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Mol Microbiol. 2000 Jul;37(1):1-12.

Assembly of aryl-capped siderophores by modular peptide synthetases and polyketide synthases.

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1
Department of Microbiology and Immunology, Weill Medical College of Cornell University, New York, NY 10021, USA. leq2001@med.cornell.edu

Abstract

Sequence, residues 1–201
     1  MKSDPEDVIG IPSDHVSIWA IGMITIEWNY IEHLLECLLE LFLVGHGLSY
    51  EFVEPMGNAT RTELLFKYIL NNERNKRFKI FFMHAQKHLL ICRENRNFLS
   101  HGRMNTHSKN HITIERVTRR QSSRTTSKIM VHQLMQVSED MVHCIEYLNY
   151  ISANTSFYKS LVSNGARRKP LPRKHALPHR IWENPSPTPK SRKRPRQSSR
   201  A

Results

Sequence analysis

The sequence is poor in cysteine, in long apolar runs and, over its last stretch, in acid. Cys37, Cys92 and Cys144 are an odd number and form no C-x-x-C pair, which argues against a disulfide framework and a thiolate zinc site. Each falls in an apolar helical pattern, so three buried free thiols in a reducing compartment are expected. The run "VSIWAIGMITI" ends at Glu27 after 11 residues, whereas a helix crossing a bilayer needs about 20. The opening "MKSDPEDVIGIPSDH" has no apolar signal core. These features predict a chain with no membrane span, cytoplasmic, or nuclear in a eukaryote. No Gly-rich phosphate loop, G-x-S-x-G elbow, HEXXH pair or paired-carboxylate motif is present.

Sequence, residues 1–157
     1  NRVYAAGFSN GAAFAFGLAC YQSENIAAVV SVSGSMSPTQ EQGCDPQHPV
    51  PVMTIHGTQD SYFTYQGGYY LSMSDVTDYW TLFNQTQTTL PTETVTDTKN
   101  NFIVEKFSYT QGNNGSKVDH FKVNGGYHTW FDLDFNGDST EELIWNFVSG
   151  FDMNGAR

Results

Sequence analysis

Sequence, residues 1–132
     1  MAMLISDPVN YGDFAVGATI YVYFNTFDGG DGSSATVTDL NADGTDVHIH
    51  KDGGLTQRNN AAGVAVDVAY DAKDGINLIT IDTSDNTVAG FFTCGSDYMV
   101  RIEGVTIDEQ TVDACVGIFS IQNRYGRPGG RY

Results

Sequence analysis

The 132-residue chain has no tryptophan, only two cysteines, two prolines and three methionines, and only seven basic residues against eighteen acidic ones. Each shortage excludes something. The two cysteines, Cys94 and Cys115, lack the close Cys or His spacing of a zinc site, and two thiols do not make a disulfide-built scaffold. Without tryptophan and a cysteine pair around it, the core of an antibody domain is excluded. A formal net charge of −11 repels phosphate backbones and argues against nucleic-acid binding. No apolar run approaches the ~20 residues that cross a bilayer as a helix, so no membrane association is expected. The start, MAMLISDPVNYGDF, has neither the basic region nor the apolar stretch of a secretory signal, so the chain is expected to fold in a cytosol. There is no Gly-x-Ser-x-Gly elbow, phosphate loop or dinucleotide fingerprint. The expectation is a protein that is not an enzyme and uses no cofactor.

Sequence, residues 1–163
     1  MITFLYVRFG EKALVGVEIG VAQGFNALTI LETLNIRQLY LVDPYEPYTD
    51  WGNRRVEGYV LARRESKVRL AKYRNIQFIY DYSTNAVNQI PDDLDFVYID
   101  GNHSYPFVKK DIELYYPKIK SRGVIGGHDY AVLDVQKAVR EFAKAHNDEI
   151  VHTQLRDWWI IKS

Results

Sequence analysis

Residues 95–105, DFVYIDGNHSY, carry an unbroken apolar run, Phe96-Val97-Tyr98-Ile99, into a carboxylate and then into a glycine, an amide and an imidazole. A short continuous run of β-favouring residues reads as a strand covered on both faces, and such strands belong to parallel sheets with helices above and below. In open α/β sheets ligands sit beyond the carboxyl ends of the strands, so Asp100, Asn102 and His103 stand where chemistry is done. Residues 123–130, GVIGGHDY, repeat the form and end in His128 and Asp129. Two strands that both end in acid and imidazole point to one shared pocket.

Bacterial siderophores assist pathogens in iron acquisition inside their hosts. They are often essential for achieving a successful infection, and their biosynthesis represents an attractive antibiotic target. Recently, several siderophore biosynthetic loci have been identified, and in vitro studies have advanced our knowledge of the biosynthesis of aryl-capped peptide and peptide-polyketide siderophores from Mycobacterium spp., Pseudomonas spp., Yersinia spp. and other bacteria. These studies also provided insights into the assembly of related siderophores and many secondary metabolites of medical relevance. Assembly of aryl-capped peptide and peptide-polyketide siderophores involves non-ribosomal peptide synthetase, polyketide synthase and non-ribosomal-peptide polyketide hybrid subunits. Analysis of these subunits suggests that their domains and modules are functionally and structurally independent. It appears that nature has selected a set of functional domains and modules that can be rearranged in different order and combinations to biosynthesize different products. Although much remains to be learned about modular synthetases and synthases, it is already possible to conceive strategies to engineer these enzymes to generate novel products.

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